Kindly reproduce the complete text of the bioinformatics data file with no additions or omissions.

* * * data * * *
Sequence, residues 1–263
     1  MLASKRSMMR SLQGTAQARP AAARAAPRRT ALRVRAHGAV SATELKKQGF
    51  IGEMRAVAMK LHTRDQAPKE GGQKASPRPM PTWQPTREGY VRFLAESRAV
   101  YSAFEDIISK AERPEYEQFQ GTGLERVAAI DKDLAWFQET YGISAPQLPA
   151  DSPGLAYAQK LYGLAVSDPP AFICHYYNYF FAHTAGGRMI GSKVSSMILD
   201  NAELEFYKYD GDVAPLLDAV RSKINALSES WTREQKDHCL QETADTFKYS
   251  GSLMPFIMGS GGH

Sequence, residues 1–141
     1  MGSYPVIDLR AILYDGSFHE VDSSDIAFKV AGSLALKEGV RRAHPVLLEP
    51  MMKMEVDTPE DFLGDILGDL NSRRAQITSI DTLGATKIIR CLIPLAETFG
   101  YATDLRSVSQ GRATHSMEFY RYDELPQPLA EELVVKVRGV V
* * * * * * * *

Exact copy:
Sequence, residues 1–263
     1  MLASKRSMMR SLQGTAQARP AAARAAPRRT ALRVRAHGAV SATELKKQGF
    51  IGEMRAVAMK LHTRDQAPKE GGQKASPRPM PTWQPTREGY VRFLAESRAV
   101  YSAFEDIISK AERPEYEQFQ GTGLERVAAI DKDLAWFQET YGISAPQLPA
   151  DSPGLAYAQK LYGLAVSDPP AFICHYYNYF FAHTAGGRMI GSKVSSMILD
   201  NAELEFYKYD GDVAPLLDAV RSKINALSES WTREQKDHCL QETADTFKYS
   251  GSLMPFIMGS GGH

Sequence, residues 1–141
     1  MGSYPVIDLR AILYDGSFHE VDSSDIAFKV AGSLALKEGV RRAHPVLLEP
    51  MMKMEVDTPE DFLGDILGDL NSRRAQITSI DTLGATKIIR CLIPLAETFG
   101  YATDLRSVSQ GRATHSMEFY RYDELPQPLA EELVVKVRGV V